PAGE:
Thievery: Via Dolorosa
This month I’m doing a mentoring special to celebrate all the talented and diverse writers I’ve been lucky enough to work with through WoMentoring. Today we have one of my favourite Scottish-folklore-inspired writer, Suzy Kelly.
Six hours into her 80th birthday, and six hours before she died, Sister Mary Frances experienced her first orgasm. She awoke in the half-light, confused and open-mouthed, and with a thundering heart. After a few moments, her breathing still laboured and her muscles still tensed. Even her breasts betrayed her as they ached in time with the pulsing of her pelvic floor.
On becoming more aware, she looked up to the small wooden figure judging her from the Cross above her bed. The carved Saviour, splayed open in his own agony, sent down waves of shame. For the Lord knew hers was not the sanctioned ecstasy of Bernini’s Saint Teresa. This was something more carnal; even though it had come to her unbidden and against her will.
Throughout her life in Christ, Sister Mary Frances had done as she had been taught. She’d pushed away all sensual, Earthly thoughts by keeping herself active in the community. When she returned to her cell at night, after teaching and tending, she was ready for nothing but sleep. Never once had she reached her body’s greatest heights. So, it was in times like these that she knew she was truly sick. The disease had won.
Still, she consoled herself that the event had not occurred through her own tremoring hands. It was another test of faith, another of the Heavenly Father’s plans, since her forced retirement. However, absolution would come through confession and her trusted Sisters would understand this burden when she shared it with them over breakfast.
My story ideas are usually inspired from creatures in Scottish folklore or events from Scottish history. Via Dolorosa, meaning ‘way of suffering’, came from a newspaper article I’d read about alleged abuses in Catholic-run orphanages in the 1950s. The story grew out of a writing exercise on the University of Glasgow’s MLitt in Creative Writing. The brief was to try writing a sex scene and, lo, Sister Mary Frances did come writhing out of the darkness.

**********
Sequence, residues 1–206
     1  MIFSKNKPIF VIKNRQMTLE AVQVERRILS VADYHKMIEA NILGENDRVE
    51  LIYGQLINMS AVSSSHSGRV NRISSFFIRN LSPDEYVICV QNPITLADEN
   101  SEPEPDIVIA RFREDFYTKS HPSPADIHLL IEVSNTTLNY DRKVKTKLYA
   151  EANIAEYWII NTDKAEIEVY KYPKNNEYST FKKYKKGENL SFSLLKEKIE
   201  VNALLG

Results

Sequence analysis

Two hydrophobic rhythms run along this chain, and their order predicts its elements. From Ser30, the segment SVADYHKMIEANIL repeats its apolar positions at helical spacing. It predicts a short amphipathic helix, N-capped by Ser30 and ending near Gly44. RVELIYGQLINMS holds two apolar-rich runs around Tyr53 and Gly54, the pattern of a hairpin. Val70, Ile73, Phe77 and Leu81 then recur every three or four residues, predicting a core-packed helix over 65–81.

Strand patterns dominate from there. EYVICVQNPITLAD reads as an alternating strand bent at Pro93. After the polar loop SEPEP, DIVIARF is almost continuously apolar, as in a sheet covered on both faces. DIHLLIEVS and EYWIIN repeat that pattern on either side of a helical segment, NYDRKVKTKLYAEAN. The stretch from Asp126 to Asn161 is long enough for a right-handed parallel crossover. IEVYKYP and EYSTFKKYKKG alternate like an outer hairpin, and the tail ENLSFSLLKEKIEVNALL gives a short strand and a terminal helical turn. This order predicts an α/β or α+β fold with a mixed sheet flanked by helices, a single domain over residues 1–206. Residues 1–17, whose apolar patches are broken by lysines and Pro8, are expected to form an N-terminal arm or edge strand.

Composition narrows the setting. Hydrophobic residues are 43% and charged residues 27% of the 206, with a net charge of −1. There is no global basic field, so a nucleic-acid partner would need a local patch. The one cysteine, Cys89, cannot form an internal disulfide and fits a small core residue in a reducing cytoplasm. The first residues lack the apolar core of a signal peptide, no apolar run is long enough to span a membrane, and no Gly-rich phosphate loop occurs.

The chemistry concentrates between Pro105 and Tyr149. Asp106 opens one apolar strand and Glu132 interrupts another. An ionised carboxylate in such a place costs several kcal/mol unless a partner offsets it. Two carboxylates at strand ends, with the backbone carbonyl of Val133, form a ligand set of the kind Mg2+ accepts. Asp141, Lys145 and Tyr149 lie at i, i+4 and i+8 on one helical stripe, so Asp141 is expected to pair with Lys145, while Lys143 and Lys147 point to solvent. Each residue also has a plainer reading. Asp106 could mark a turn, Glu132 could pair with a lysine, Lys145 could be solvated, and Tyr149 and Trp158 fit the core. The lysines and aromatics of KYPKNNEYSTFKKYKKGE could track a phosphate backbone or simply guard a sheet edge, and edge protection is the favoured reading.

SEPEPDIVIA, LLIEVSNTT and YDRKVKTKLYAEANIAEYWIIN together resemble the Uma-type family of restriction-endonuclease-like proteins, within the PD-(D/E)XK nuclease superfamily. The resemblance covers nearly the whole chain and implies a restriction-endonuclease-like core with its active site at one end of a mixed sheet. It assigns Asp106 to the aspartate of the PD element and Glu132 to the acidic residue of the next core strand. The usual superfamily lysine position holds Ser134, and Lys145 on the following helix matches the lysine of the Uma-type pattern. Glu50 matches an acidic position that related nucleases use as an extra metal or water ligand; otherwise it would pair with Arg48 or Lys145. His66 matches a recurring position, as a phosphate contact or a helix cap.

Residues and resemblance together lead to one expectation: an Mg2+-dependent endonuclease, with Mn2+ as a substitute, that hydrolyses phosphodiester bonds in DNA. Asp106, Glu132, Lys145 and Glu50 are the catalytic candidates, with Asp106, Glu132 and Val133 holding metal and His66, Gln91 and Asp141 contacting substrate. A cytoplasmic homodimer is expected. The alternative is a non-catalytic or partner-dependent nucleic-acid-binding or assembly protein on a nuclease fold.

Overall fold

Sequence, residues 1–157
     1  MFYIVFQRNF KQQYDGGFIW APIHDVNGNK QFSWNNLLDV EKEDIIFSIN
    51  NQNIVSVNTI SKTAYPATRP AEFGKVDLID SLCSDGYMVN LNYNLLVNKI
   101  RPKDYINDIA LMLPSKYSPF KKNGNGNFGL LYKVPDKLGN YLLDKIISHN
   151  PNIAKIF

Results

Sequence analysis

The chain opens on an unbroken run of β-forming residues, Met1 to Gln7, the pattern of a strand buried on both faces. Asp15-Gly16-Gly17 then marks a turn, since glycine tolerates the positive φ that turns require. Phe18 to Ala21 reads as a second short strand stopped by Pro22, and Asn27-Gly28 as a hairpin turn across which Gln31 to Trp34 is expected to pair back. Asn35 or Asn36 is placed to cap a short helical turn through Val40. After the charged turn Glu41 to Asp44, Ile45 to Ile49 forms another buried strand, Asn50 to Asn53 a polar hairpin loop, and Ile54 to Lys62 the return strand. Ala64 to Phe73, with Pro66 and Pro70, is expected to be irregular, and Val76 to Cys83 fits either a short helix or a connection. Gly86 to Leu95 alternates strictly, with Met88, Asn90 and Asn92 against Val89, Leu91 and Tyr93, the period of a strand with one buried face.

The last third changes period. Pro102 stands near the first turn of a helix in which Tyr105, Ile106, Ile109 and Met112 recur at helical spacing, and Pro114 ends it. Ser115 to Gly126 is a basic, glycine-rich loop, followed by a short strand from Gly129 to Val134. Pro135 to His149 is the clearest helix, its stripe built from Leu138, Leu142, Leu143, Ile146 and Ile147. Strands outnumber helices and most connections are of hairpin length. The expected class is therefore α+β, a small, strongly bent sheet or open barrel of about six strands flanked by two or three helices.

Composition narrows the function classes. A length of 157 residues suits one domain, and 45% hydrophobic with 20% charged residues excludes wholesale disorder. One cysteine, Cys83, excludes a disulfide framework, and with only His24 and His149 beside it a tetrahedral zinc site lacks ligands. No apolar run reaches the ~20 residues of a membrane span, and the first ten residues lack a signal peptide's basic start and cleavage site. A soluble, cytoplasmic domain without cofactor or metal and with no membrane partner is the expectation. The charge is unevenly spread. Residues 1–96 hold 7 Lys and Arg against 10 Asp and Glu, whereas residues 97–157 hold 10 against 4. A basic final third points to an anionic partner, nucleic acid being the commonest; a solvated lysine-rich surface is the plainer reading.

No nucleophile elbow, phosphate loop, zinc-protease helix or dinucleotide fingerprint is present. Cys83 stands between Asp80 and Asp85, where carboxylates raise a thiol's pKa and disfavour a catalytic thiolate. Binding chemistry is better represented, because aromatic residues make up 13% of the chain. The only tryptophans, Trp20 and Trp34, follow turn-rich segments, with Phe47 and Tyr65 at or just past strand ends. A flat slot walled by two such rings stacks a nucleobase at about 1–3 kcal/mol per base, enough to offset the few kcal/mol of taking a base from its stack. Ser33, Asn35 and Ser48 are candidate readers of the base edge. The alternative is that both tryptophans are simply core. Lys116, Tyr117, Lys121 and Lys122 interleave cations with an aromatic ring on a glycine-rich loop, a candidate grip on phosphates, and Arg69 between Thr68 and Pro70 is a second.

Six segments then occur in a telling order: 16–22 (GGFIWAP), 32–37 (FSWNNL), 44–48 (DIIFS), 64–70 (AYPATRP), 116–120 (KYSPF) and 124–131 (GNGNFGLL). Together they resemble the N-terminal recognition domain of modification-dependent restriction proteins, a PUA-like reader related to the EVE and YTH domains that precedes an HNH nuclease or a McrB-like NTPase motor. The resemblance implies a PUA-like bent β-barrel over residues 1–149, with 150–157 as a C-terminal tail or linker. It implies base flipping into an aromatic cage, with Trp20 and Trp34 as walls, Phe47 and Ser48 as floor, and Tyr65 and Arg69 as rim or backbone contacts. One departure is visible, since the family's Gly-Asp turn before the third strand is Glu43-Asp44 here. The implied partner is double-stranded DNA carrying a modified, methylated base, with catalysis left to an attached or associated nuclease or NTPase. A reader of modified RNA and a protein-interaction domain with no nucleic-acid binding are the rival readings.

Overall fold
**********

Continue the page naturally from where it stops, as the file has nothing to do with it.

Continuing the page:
After this brief prayer section, the rest of the story is structured around the Medieval Church’s Seven Stations of the Cross (fourteen being the tradition from the 17th century onwards).
Through a series of reflections from her death bed, Sister Mary Frances journeys through her remaining memories, the ones the Lewy Body Dementia hasn’t destroyed, to piece together her past. What kind of a woman was she? Well, Sister Mary Frances and the Nazareth House system do seem to share a lot in common with Aunt Lydia and the RED Centre from Margaret Atwood’s The Handmaid’s Tale.
Although there is a dark-edged humour in this section, the main motivation for writing this piece was to give a voice to the real-life victims and to encourage readers to question religious and state authorities. It was also a good challenge to write from such a despicable character’s point of view.